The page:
The Cure (Photo via)
Morrissey taught us that Keats and Yeats are on our sides, Syd Barrett set James Joyce’s poem V from Chamber Music to, well, music (Stevie Nicks did something similar with Edgar Allen Poe’s “Annabel Lee”), and heavy metal vocalists are obsessed with Victorian horror.
Literature and music go together like cheddar cheese and grape jelly – er, okay, maybe that’s just my weird proclivity. Let’s say peanut butter and grape jelly! Read on for some of our favorite literary bedfellows.
Inspired by 1984, George Orwell
Thom Yorke sings “where two & two alwaysmakes a five” – the symbol of unreality in Orwell’s classic 1984. All hail to the doublethink.
Based on “The Murders in the Rue Morgue”, Edgar Allan Poe
Someone call the Gendarmerie! This is just one of MANY literary references in the well-read British heavy metal band’s repertoire.
Based on The Call of Cthulhu, H. P. Lovecraft
“He watches/lurking beneath the sea/great Old One.” What is it with metal bands and literature? Under all that hair, they’re just secret lit nerds.
Based on Charlotte Sometimes by Penelope Farmer
Singer Robert Smith has admitted the tune was “a very straight lift” from the 1969 tale of time-traveling children; lyrics like “All the faces/All the voices blur/Change to one face/Change to one voice” are reinterpretations of lines from the novel.
While name-checking John Keats, W.B. Yeats, and Oscar Wilde, Morrissey also scolds us about plagiarism: “If you must write prose poems/the words you use should be your own/Don’t plagiarize or take on loan/’Cause there’s always someone, somewhere/With a big nose, who knows.” Duly noted, Moz.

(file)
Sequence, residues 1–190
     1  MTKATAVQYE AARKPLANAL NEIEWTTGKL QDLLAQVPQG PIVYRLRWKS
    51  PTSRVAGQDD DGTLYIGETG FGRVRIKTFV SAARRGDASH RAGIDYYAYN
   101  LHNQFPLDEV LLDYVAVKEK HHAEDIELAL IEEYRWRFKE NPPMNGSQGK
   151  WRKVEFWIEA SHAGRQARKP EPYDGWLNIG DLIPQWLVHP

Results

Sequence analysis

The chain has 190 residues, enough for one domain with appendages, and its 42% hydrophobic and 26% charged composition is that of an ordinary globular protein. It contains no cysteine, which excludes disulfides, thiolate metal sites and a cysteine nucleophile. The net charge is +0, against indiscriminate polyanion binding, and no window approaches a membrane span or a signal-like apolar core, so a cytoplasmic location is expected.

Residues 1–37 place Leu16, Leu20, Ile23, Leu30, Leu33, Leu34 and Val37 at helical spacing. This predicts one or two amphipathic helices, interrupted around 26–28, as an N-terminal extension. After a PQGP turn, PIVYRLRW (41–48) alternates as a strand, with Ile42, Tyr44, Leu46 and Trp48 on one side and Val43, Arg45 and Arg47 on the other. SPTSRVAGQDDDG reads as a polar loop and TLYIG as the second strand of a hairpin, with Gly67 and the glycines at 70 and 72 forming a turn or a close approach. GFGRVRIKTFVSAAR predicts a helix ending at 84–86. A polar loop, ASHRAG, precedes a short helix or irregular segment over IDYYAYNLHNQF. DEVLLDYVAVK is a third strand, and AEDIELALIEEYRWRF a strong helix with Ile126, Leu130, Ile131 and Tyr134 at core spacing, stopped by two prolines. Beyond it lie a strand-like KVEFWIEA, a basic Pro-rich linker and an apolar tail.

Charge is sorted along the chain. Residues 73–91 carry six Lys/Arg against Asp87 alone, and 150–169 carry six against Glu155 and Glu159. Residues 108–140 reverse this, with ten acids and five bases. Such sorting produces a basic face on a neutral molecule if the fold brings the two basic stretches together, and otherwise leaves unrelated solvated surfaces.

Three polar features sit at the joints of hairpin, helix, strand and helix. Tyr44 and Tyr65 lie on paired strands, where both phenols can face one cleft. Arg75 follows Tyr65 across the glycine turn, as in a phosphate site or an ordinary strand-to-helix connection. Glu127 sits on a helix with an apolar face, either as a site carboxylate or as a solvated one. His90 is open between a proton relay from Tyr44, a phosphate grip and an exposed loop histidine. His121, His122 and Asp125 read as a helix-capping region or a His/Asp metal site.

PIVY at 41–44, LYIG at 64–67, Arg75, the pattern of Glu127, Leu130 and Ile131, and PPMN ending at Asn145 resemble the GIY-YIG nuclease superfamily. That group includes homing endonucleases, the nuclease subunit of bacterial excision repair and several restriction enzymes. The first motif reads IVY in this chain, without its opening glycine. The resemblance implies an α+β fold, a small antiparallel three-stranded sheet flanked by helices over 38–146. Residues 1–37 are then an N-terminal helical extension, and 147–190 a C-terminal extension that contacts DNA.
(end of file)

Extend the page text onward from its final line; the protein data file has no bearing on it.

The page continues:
Inspired by Perfume by Patrick Süskind
“Every wet nurse refused to feed him.” Indeed, not many people wanted much to do with Perfume’s creepy antihero Jean-Baptiste Grenouille, a perfume apprentice born without scent.
“I’m not as sad as Dostoevsky/I’m not as clever as Mark Twain/I only buy a book for the way that it looks/when I put it on the shelf again.” A satirical poke in the eye of posers.
“John Willmot penned his poetry/riddled with the pox/Nabakov wrote on index cards/at a lectem, in his socks.”
An author himself (And the Ass Saw the Angel, The Death of Bunny Munro), most of Nick Cave’s lyrics are pure, clever poetry.
Blur’s entire 1994 album Parklife was inspired by Martin Amis’s black comedy London Fields. The quintessential British band + the quintessential British writer = TLA (that’s ‘80s speak for “True Love Always”, you whippersnappers. Now, get off my lawn!)
What’s your favorite lit-inspired song?
Carrie Jo Tucker is a Brooklyn-based, Florida-born freelance writer and the author of I Love Geeks: the Official Handbook (Adams Media). She’s been writing since she was old enough to scribble with a crayon, and her earliest work focused on horses, unicorns and man-eating hazardous waste. She’s since expanded her subject matter to man-eating hazardous unicorns. Follow her on Twitter @cjotucker and Instagram @cjotucker.